Two-thirds of retailers have been told by landlords that they will be subject to legal measures from July, once the moratorium on aggressive debt enforcement ends, according to the British Retail Consortium (BRC).
Research conducted by the group shows that 30% of retailers have already faced County Court Judgements (CCJs) from commercial landlords.
Furthermore, 80% of tenants said some landlords have given them less than a year to pay back rent arrears accrued during the pandemic.
The moratorium on aggressive debt collection from commercial landlords will end on 30 June – with the BRC believing that it will open “thousands of retailers to legal action”.
Total rent debt is estimated to be £2.9bn and many retailers have “accrued huge debts” that they are only just beginning to be able to pay as shops resume normal trading.
While the government introduced a ‘Code of Practice’ last year to address the outstanding debt issues – two thirds of those surveyed described the code as ‘“ineffective” due to its voluntary nature.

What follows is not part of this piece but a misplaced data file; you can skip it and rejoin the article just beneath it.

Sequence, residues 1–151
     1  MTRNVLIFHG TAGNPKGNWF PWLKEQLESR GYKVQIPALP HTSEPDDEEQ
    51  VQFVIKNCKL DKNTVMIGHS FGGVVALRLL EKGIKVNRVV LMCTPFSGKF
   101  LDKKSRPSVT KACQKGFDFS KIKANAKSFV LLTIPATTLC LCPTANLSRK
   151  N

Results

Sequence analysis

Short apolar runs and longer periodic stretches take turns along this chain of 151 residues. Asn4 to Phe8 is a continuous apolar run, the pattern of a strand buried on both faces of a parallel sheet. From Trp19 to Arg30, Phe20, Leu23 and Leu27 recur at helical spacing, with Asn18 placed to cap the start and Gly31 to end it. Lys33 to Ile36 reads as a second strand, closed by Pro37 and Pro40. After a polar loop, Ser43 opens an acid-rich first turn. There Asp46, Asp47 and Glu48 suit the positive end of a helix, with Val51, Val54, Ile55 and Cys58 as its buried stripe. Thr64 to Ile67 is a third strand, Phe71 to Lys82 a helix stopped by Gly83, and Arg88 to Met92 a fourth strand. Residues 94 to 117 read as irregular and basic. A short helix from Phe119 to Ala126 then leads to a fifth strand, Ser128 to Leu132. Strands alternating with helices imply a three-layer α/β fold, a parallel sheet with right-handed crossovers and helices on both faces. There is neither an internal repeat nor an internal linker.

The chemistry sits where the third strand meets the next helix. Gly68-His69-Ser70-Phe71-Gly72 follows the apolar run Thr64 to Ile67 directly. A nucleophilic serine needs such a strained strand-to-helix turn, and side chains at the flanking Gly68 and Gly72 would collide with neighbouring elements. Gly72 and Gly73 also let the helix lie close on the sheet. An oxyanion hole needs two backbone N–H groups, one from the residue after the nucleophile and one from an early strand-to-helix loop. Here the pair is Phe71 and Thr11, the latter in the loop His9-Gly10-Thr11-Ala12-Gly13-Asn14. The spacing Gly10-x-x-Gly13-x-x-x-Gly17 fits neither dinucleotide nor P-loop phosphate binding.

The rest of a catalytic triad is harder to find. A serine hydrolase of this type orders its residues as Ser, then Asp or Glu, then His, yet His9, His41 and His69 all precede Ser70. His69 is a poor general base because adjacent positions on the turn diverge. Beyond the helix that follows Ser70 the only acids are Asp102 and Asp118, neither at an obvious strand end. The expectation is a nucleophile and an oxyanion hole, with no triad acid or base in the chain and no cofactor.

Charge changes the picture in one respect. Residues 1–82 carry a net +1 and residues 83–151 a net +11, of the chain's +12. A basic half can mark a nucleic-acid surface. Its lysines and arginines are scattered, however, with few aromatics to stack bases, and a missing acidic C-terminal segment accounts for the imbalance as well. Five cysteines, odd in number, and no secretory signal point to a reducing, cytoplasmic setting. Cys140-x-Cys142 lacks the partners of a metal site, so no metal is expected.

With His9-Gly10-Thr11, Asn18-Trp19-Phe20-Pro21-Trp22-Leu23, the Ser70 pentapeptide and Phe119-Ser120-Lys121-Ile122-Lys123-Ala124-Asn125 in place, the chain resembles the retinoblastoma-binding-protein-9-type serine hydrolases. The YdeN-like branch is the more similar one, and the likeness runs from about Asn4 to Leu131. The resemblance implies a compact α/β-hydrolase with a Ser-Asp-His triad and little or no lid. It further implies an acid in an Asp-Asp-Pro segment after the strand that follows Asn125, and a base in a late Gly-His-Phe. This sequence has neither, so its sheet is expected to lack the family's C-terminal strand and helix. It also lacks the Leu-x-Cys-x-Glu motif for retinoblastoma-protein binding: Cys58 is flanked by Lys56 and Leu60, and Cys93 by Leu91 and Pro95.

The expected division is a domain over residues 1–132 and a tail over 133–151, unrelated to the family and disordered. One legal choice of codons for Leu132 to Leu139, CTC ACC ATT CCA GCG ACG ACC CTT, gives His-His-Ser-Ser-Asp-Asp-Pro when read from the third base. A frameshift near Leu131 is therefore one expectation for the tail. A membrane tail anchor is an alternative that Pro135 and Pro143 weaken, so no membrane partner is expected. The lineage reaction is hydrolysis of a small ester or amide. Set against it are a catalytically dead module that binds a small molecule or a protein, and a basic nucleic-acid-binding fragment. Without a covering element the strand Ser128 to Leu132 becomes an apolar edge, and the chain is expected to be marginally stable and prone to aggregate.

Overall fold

Now the BRC has stated that the government must give the code “greater weight” and take other measures to support tenants and landlords.
Helen Dickinson, chief executive of the BRC, said: “The unpaid rents accrued during the pandemic, when most shops were shut, are a £2.9bn ball and chain that hold back growth and investment and could result in a tsunami of closures.
“Government must ringfence the rent debts built up during the pandemic, giving retailers breathing space as they wait for footfall and cash flows to return. With this in place, all parties can work on a sustainable long-term solution, one that shares the pain wrought by the pandemic more equally between landlords and tenants.”